CBS Corp. topper Leslie Moonves reported strong demand for national advertising in the fourth quarter, negating some fears an economic slowdown could hit the ad biz.
Moonves said ad rates for the for last-minute buys known as the “scatter market” are up 30% from a year ago, helped in part by the earlier presidential primaries scheduled in major media market states such as California.
“People who didn’t buy in the Upfront are suddenly buying now,” Moonves said, at a conference held by Merrill Lynch in Marina Del Ray, Calif.
“As we head into the fourth quarter, political advertising is coming into effect,” he said, citing the Feb. 5 primary in California, where CBS owns five TV stations.
Because much of the advertising is tied to political issues–and not to individual candidates–Moonves said he expects the spending to remain strong no matter which candidates remain in the race by early next year.
Moonves said that unlike the Upfront in May, when advertisers reserve spots for the coming year, last-minute deals aren’t based on ratings guarantees, meaning CBS won’t have to return the money if some of its new shows fail.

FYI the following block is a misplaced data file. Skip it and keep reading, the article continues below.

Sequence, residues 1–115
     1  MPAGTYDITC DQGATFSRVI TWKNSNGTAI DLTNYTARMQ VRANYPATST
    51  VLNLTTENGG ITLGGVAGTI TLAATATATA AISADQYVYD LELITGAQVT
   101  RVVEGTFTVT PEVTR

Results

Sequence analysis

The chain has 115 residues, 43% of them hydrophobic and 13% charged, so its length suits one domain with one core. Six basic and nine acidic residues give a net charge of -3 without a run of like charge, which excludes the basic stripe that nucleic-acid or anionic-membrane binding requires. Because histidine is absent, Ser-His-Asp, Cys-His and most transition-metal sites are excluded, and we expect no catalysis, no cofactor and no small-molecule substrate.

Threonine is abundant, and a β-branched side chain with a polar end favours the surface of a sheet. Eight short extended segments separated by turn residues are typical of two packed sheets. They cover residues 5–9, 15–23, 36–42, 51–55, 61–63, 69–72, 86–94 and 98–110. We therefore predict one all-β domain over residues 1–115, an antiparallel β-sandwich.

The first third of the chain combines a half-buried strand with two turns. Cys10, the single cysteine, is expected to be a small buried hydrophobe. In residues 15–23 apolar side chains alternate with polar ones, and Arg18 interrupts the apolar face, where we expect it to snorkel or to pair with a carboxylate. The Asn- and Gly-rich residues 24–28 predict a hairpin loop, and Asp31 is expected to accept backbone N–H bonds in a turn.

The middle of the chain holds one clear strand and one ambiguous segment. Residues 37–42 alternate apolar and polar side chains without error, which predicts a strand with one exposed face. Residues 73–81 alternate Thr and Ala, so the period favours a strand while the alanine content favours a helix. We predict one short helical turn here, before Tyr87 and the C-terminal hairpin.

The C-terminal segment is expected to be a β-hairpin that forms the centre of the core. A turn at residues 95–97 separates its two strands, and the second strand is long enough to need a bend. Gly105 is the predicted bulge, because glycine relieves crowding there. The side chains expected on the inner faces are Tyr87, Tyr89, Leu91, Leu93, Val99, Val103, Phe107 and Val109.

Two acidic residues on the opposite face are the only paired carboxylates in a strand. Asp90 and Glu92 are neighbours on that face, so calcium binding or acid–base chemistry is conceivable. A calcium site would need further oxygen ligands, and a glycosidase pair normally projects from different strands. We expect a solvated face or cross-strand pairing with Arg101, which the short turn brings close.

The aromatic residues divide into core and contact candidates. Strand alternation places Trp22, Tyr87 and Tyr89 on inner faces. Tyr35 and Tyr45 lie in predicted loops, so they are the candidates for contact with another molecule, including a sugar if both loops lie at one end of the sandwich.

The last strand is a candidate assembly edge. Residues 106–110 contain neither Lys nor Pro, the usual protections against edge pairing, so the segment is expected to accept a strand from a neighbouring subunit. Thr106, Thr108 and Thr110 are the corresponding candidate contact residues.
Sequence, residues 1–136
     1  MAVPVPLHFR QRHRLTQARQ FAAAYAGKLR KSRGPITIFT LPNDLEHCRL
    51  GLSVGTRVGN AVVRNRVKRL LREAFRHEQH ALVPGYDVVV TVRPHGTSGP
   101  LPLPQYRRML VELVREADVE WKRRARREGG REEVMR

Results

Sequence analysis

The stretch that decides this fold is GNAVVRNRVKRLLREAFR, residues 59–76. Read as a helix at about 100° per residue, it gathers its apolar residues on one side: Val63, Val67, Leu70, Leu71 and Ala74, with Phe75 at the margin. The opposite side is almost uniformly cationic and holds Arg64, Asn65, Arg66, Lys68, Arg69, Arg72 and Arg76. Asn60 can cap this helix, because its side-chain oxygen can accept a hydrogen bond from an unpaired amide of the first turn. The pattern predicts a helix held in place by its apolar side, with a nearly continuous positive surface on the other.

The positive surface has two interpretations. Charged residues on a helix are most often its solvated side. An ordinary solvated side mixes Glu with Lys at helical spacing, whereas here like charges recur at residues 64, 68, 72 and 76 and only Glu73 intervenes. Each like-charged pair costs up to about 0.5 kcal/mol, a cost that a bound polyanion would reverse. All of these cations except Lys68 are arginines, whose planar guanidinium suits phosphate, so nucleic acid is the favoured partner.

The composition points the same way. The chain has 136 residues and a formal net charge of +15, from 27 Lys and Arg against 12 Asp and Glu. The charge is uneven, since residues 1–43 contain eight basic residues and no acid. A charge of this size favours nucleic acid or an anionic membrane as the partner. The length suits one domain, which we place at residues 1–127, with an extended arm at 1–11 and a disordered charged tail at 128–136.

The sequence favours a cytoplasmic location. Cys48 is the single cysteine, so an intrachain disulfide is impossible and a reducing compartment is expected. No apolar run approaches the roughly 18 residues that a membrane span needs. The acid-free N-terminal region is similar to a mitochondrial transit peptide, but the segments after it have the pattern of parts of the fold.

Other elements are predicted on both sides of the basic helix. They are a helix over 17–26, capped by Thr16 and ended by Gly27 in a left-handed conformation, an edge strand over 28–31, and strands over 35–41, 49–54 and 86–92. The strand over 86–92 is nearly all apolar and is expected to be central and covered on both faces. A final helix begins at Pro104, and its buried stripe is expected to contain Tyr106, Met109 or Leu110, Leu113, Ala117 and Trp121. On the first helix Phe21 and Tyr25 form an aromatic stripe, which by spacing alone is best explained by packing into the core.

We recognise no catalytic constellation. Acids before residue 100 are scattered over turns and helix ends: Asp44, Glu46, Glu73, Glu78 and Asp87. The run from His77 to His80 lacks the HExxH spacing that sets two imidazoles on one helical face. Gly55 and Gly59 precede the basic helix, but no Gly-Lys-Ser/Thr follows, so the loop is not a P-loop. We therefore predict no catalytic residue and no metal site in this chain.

“If one or two of our shows falter, as they always do, we are going to be covered,” he said.
On the content side, Moonves touted the strength of CBS Television Studios and that the network now owns more than 50% of what gets on the air.
“We’ve made more deals with top writer-producers,” he said. “As we go down the road its important that we are self sufficient, but that we buy from everybody and the best shows get on the air.”
He said the Showtime comedy “Californication,” a risque comedy starring “X-Files” alum David Duchovny, has fetched $700,000 per half-hour episode in international sales.
He struck a conciliatory note on the negotiations to renew Showtime’s pic output deal with its one-time sibling studio Paramount.
“We will be buying feature films from other people and renewing some of those contracts,” Moonve said.
CBS’ plans to launch its own film unit is starting to come together but still at least a year away from releasing its first production.
Moonves said the company plans to produce four to six films a year in the $20 million to $60 million range that the company would finance itself or with investors.
“Outside financing is still knocking at the door, but if we don’t get the right deal we will finance it ourselves,” he said.